So for every 1000 patients admitted annually, 100 (I'm using 10% for sake of simple calculations) would require blood bank testing of whom 45 (100-55) would be non-group O, 7 (45 x 0.16) would have a blood sample in hematology, leaving  38 (45 - 7) or 3.8% (38/1000) patients requiring a second sample to be collected.  
    Using this kind of data will give you a much better grasp of the impact of routine performance of a second ABO determination on all patients for whom a Type and Screen or a Type and Crossmatch is ordered.
  11. Like
    Dansket got a reaction from AMcCord in Rh negative Patients that receive Rh positive blood   
    See this large study https://www.ncbi.nlm.nih.gov/pubmed/3137672 regarding use of rh positive blood for untyped trauma recipients.
    Abstract
    The emergency blood needs of 449 patients were met by supplying 1,717 uncrossmatched units of either red blood cells (RBC) type specific Whole Blood or group O RBC. The RBC were all Rh positive, and 601 units were transfused to 262 untyped patients. None of the patients presented with anti-Rh antibodies. Only 20 patients who were Rh negative received group O Rh positive RBC, and most of these patients were male. There were no acute hemolytic reactions or sensitizations of young females. Group O Rh positive RBC is our first choice to support patients with trauma who cannot wait for type specific or crossmatched blood. Those who do survive the emergency conditions can be reverted to blood of their own type without problem. Acceptance of Rh positive emergency transfusions by physicians giving emergency care can prevent unbalanced shortages in a regional blood supply system.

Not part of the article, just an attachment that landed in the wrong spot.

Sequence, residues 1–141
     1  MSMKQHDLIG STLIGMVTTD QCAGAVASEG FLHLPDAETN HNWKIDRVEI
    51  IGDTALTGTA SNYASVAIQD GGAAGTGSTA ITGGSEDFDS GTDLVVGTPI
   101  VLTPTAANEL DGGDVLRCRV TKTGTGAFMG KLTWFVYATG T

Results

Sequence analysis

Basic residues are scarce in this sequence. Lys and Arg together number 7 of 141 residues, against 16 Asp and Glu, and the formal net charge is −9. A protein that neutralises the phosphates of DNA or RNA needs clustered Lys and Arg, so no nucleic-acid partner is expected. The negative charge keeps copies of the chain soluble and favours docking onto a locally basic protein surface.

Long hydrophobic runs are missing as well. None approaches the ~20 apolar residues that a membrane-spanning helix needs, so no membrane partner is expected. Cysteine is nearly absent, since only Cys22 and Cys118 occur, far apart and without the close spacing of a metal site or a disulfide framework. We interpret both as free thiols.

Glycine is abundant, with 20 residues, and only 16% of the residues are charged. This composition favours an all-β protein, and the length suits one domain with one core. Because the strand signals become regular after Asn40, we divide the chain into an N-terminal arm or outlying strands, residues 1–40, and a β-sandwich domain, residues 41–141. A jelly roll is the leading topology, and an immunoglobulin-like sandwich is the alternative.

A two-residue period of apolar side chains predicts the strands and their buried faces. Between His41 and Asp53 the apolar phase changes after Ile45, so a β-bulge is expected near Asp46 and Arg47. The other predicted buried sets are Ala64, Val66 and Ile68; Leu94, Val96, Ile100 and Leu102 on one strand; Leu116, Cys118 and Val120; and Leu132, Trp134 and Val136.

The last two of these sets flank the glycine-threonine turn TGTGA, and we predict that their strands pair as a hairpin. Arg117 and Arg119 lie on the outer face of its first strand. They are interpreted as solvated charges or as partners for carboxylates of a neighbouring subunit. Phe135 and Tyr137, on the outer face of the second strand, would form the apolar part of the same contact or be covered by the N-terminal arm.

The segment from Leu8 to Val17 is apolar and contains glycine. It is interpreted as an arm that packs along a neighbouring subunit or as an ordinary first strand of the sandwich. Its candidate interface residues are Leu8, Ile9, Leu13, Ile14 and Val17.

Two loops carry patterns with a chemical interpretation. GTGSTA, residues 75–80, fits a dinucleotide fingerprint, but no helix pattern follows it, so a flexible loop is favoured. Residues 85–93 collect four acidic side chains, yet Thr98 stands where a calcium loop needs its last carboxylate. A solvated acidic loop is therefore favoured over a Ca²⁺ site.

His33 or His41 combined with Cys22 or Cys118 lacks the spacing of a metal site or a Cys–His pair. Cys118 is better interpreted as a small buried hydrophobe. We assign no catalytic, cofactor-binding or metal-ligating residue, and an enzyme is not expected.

12. Like
    Dansket reacted to Ward_X in Give E and c negative units?   
    Just from a man-power standpoint, you don't always have the time to "extra" antigen type. I've seen pts with anti-E that receive products on a weekly basis (that happen to be cancer pts) that have yet to make the anti-c. What about the extended billing for antigen typing? It just seems like a gross assumption to believe a pt with an anti-E acquiring a unit of red blood cells will form an anti-c from it (going back to Malcolm, who initially replied that the anti-E could have been made for reasons other than transfusion). I agree with the serological science of why these are seen together, and why the anti-E can lead to the anti-c, but I have trouble justifying the cost of tech/time, reagents, and billing, to go off a hunch that the anti-c is probable.
  13. Like
    Dansket got a reaction from David Saikin in Rh negative Patients that receive Rh positive blood   
    See this large study https://www.ncbi.nlm.nih.gov/pubmed/3137672 regarding use of rh positive blood for untyped trauma recipients.
    Abstract